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TripAdvisor Reviews Baita Dovich Rocca Pietore
Travel Blogs from Rocca Pietore
... as you will see by the photos.
Our first stop is the town of Dobbiaco, or Toblach as the locals would have it. It’s a typical alpine town. We are impressed by the churchyard. Every gravesite is immaculately tended. You can see that no one is forgotten here. There is one monument with two brothers who died in the 2nd. World War.
From Dobbiaco we take the spectacular highway south towards Cortina. The remarkable Dolomite peaks surround us, with ...
... 30 minutes, and then off to the next stop, probably for a group lunch.
We feel like a coffee, so slip into a likely place and linger with assorted coffees and drinks. It’s such an agreeable place that we allow the groups to rush by towards the Roman gate.
Once we are ready, we continue to the ancient Roman entry to the city. We read that Roman remains are found all over the city, usually around 10 to 12 feet under the present city. We see signs of ...
... Maria ! It seems we have arrived in town at the start of a festival which means restaurants are very busy but we were lucky enough to see a free band concert in a square last night which was our second free concert in Italy so far. More walks today, lower level through woods, by a couple of lakes and even took in a waterfall ! All very beautiful and quiet accompanied by the odd sound of distant cuckoos and church bells. ...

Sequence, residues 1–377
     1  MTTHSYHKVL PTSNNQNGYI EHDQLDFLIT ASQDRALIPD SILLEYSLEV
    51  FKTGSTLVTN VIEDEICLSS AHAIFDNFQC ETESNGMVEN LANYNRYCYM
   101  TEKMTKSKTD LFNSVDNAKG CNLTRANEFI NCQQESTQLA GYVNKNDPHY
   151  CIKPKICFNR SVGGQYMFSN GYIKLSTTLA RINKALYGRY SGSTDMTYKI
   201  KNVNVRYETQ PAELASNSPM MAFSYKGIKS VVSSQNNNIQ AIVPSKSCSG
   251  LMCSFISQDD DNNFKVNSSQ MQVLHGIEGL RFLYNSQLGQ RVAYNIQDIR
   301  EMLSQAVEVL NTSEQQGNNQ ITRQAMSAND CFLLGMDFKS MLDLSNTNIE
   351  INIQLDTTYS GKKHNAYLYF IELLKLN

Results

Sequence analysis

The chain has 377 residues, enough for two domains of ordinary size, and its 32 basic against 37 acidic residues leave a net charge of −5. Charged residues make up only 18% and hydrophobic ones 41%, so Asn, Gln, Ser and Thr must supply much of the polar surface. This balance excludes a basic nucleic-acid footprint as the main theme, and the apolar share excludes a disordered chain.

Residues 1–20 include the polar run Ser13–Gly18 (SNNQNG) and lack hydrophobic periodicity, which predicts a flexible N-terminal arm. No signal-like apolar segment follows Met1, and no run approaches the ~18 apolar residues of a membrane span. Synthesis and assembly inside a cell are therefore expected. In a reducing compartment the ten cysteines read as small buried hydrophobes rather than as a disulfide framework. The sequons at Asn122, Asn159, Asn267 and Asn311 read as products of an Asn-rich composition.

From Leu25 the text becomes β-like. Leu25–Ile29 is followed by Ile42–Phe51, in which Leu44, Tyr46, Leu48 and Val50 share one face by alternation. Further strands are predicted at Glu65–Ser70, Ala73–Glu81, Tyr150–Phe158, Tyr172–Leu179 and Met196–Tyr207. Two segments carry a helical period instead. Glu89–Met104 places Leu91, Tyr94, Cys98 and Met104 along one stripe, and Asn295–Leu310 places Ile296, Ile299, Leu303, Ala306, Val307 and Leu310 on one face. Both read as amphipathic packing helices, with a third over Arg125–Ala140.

Today's tour was to Bolzano, close to the Austrian border. We arrived there late in the morning, stopping for a quick espresso at a truck stop - it's hard to get used to doing things the Italian Way when you have to pay for what you want first, then go and join the queue to get served! So simply getting a coffee takes quite a while, especially when the Italians are prone to barging in front of anyone! Bolzano is nestled in ...
... it was no problem and we romped over there with no trouble at all, and even the snow had largely gone apart from small drifts on the verges.
A trouble free short run of about 150 km and we ended up at a camp in a little town called Leifers or Laives depending on the map you are reading - amazingly, this part of Tyrol only had its autonomy established as recently as 11 June 1992, and after plowing through the ...